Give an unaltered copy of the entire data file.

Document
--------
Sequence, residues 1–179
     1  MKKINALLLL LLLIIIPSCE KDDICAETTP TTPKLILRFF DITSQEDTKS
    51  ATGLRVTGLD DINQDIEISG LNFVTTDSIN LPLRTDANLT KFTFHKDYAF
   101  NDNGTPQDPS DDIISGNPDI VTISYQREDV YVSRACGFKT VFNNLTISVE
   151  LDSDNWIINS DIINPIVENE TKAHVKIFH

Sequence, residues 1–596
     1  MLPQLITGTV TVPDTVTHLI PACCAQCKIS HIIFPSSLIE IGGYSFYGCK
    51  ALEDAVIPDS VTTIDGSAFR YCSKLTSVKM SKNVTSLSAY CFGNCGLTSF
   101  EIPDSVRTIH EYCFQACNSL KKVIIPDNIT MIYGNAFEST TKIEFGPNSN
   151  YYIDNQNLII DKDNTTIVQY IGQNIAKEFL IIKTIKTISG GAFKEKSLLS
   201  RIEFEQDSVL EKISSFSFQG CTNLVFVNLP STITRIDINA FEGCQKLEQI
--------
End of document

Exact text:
Sequence, residues 1–179
     1  MKKINALLLL LLLIIIPSCE KDDICAETTP TTPKLILRFF DITSQEDTKS
    51  ATGLRVTGLD DINQDIEISG LNFVTTDSIN LPLRTDANLT KFTFHKDYAF
   101  NDNGTPQDPS DDIISGNPDI VTISYQREDV YVSRACGFKT VFNNLTISVE
   151  LDSDNWIINS DIINPIVENE TKAHVKIFH

Sequence, residues 1–596
     1  MLPQLITGTV TVPDTVTHLI PACCAQCKIS HIIFPSSLIE IGGYSFYGCK
    51  ALEDAVIPDS VTTIDGSAFR YCSKLTSVKM SKNVTSLSAY CFGNCGLTSF
   101  EIPDSVRTIH EYCFQACNSL KKVIIPDNIT MIYGNAFEST TKIEFGPNSN
   151  YYIDNQNLII DKDNTTIVQY IGQNIAKEFL IIKTIKTISG GAFKEKSLLS
   201  RIEFEQDSVL EKISSFSFQG CTNLVFVNLP STITRIDINA FEGCQKLEQI